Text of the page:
Getting Rich Doesn't Have to Change Successful Entrepreneurs for the Worse
A Note From The Editor
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The same story prevails in thousands of Hollywood films. A broke student turns an idea into a multi-million dollar business. They party hard, travel on private jets and live the life they always dreamed of.
Their wealth may have grown, but at what price? Relationships broken, vision blinded and their attitudes transformed into the people they once judged.
About 70 percent of people who receive sudden wealth lose it within a few years. Don McNay, a financial consultant to lottery winners said, “People commit suicide. People run through their money. Easy come, easy go. They go through divorce or people die.”
The truth is, money changes people.
While there’s nothing inherently wrong with mass wealth, fancy cars, luxurious homes or indulging in fine foods, the attitudes that drive us can determine how we choose to lead our lives.
Warren Buffet lives in the same home he bought for $30,000. Sarah Michelle Gellar still clips coupons after years of practice with her mother. Coming from an impoverished family, Sarah Jessica Parker still dresses her children in hand-me-downs.
They practice life-long lessons and stay firmly rooted in their values despite high net worth.
Here’s how you can do the same.
Success is a journey, not a destination.
Bill Gate’s statement is perhaps the most profound. During a joint speaking engagement at University of Washington, Gates says (13:23 – 14:02):
“I think that the key point there is that you’ve got to enjoy what you do every day and for me, that’s working with very smart people, it’s working on new problems. And every time we think, ‘hey, we’ve had a little bit of success’, we’re pretty careful not to dwell on it too much because the bar gets raised.”
People’s expectations change and new problems arise. The moment you dwell on success, your journey takes a detour in an incomplete quest.
Related: 8 Habits of Wildly Successful People
Remember why you chose entrepreneurship.
We all have personal reasons for choosing entrepreneurship. It may have been your natural knack for business, your desire to help others or the inability to find an employer willing to give you a shot.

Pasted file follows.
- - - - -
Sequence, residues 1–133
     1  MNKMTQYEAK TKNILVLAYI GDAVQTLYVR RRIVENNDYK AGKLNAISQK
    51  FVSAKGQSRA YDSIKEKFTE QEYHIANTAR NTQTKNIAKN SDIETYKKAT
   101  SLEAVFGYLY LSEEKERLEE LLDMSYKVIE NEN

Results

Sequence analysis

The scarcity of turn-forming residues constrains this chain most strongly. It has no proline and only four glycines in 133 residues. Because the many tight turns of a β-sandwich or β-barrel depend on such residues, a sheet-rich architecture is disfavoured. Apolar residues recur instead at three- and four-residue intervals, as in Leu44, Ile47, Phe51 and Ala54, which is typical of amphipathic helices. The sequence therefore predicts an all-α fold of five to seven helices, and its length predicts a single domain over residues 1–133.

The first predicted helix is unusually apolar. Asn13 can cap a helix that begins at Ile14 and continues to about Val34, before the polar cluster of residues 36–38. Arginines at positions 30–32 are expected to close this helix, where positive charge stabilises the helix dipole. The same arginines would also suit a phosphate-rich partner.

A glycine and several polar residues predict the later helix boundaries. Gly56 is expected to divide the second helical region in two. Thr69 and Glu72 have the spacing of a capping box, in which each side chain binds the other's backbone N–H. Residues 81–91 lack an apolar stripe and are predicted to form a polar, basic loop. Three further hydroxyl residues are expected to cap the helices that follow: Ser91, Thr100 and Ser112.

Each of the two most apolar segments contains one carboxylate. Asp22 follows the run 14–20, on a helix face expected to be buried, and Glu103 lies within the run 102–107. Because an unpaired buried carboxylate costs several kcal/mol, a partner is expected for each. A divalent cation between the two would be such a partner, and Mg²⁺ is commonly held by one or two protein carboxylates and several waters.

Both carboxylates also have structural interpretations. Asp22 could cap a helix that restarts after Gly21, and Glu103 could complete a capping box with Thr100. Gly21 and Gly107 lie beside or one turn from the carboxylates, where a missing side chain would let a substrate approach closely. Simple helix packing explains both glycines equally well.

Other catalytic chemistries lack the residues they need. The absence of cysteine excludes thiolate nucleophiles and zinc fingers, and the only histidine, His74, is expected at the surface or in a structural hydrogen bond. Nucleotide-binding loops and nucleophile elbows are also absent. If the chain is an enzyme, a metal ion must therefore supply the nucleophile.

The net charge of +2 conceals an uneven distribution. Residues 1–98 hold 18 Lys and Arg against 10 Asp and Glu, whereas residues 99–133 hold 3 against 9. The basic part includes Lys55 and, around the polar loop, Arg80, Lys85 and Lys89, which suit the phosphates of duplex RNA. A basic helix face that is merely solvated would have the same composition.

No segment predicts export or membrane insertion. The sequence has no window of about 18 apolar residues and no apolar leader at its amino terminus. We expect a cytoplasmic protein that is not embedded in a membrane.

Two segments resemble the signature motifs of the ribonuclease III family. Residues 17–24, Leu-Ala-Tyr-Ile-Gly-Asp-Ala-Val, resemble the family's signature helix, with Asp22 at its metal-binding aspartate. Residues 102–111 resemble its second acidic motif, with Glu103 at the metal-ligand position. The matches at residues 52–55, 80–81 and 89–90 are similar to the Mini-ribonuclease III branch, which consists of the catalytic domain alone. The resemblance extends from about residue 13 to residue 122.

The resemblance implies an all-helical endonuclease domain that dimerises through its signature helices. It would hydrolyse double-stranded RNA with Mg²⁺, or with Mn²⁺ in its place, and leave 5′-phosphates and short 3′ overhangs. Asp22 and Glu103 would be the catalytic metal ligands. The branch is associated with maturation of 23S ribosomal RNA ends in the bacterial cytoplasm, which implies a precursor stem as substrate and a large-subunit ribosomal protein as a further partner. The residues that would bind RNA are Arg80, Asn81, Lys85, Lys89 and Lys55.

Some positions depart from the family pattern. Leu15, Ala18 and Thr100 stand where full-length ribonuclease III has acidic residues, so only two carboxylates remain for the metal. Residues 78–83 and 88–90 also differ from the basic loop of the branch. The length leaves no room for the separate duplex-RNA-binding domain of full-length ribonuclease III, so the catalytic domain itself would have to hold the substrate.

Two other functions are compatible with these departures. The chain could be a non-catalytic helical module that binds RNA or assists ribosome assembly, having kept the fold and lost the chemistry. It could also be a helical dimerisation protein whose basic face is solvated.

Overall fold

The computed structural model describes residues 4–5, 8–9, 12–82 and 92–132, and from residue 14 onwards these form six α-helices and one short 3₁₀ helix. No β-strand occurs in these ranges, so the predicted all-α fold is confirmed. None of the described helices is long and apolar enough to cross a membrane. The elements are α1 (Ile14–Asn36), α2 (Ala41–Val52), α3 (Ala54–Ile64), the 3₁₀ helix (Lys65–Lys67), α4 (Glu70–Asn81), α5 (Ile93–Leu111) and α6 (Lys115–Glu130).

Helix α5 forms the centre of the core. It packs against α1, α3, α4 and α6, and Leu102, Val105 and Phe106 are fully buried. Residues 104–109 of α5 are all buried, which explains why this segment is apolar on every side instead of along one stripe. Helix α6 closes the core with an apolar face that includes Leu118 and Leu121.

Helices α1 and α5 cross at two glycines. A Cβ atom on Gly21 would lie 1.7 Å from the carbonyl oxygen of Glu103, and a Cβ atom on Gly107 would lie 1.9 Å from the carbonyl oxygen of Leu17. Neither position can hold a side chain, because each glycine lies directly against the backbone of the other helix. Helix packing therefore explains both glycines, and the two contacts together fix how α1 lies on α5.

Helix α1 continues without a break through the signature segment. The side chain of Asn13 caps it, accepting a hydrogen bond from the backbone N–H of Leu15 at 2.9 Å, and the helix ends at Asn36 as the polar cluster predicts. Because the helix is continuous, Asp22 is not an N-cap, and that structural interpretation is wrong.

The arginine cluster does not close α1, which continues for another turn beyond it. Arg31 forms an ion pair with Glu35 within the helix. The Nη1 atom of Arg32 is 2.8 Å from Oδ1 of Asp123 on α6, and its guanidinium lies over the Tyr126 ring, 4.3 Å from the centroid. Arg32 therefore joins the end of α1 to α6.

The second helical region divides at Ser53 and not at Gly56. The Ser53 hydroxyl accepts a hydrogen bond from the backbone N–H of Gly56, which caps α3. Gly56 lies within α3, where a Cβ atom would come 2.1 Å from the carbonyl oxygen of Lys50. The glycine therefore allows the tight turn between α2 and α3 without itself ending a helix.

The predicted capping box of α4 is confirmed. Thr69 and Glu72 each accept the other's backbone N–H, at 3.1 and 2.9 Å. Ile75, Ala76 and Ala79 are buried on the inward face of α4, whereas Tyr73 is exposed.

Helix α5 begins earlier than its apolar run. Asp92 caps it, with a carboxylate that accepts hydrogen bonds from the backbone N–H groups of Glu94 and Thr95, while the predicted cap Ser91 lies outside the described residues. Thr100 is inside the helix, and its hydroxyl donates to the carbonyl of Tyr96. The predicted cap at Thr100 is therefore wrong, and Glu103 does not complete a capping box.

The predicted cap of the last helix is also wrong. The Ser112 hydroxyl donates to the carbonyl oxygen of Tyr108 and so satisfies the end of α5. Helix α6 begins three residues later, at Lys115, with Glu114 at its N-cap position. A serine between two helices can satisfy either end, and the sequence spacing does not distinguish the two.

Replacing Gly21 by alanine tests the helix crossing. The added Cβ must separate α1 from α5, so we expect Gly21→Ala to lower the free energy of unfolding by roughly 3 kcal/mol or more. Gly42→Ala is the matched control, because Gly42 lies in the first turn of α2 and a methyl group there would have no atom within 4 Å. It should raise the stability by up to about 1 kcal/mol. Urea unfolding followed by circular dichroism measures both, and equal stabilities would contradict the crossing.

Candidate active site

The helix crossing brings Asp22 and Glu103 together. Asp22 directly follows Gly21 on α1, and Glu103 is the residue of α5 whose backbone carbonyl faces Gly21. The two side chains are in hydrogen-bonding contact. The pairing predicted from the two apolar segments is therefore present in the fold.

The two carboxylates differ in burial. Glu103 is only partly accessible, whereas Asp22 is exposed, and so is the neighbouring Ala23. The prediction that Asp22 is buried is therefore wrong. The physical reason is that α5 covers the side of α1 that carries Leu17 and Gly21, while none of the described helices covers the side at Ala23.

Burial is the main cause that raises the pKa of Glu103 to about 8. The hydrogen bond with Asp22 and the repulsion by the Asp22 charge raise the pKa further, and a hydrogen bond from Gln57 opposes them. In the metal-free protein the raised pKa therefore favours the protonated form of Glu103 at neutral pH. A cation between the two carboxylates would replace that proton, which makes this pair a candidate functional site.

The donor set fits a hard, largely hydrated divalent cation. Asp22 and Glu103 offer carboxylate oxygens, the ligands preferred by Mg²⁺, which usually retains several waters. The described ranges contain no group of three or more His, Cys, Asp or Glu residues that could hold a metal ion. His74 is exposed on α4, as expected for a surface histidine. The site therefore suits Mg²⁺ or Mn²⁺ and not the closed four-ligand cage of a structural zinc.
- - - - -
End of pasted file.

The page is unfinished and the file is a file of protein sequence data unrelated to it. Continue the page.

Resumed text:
I chose it to spend more time with a family I didn’t have.
Now that I’m married with a child, I have admittedly let other goals and ambitions overtake the reason why I chose the greatest game of patience.
Before you know it, time has passed and the purpose of my entrepreneurial journey has disappeared into thin air.
When you reflect on the purpose behind working 18 hour days with no guarantee of a paycheck, remember why you chose your path. No one said entrepreneurship would be easy and if you’re in the first three years of business, then you know that easy doesn’t exist.
If you have time to watch eight hours of House of Cards, then you have time to live out why you chose your line of work.
Share your success. Don’t flaunt it.
Many of us come from humble beginnings where every penny counts. Others have billions of dollars they can use to benefit others.
In 2010, Bill Gates and Warren Buffet recruited 139 wealthy individuals to donate the majority of their net worth to philanthropy. In total, $365 billion was pledged by names like Michael Bloomberg, Mark Zuckerberg, and Elon Musk.
But sharing doesn’t have to be in the form of monetary donations and pledges.
Whichever area you have built success, share it with others who can benefit from your experience.
Many entrepreneurs and celebrities have amassed great wealth. While the reasons for humble lifestyle choices may differ, possessing deep roots in your values, beliefs and identity will prevent pitfalls that may sway you from your journey to success.
Life as an entrepreneur is a valiant vocational choice and building wealth through it is a goal worth pursuing. But once you reach your goals, then what?
Remember who you are, why you began your journey and pay it forward for the benefit of others.